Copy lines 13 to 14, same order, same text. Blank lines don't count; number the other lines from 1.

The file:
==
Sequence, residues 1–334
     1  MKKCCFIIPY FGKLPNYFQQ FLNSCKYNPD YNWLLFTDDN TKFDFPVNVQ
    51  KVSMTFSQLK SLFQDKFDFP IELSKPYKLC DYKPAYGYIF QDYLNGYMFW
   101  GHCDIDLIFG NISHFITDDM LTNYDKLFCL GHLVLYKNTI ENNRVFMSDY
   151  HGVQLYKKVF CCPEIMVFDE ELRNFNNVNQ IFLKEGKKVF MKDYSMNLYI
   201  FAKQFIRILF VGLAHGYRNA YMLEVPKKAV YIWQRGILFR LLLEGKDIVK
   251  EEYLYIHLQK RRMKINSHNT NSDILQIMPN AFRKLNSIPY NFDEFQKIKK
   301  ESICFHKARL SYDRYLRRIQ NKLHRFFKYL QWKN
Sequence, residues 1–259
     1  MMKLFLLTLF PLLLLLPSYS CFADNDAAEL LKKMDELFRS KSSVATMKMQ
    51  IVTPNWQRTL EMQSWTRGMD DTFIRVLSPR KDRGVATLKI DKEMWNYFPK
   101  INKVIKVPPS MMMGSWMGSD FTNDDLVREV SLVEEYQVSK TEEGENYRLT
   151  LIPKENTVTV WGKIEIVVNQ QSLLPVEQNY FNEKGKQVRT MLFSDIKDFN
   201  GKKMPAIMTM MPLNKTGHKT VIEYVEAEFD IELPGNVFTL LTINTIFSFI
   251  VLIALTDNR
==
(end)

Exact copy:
   151  LIPKENTVTV WGKIEIVVNQ QSLLPVEQNY FNEKGKQVRT MLFSDIKDFN
   201  GKKMPAIMTM MPLNKTGHKT VIEYVEAEFD IELPGNVFTL LTINTIFSFI